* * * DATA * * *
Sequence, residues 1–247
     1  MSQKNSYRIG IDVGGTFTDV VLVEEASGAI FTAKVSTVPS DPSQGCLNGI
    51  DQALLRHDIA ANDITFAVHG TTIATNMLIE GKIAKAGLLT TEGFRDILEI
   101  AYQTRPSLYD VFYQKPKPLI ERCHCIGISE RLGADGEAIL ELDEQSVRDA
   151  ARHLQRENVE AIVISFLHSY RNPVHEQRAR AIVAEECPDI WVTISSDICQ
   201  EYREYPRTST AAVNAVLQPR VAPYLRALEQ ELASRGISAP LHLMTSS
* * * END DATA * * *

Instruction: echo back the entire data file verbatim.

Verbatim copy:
Sequence, residues 1–247
     1  MSQKNSYRIG IDVGGTFTDV VLVEEASGAI FTAKVSTVPS DPSQGCLNGI
    51  DQALLRHDIA ANDITFAVHG TTIATNMLIE GKIAKAGLLT TEGFRDILEI
   101  AYQTRPSLYD VFYQKPKPLI ERCHCIGISE RLGADGEAIL ELDEQSVRDA
   151  ARHLQRENVE AIVISFLHSY RNPVHEQRAR AIVAEECPDI WVTISSDICQ
   201  EYREYPRTST AAVNAVLQPR VAPYLRALEQ ELASRGISAP LHLMTSS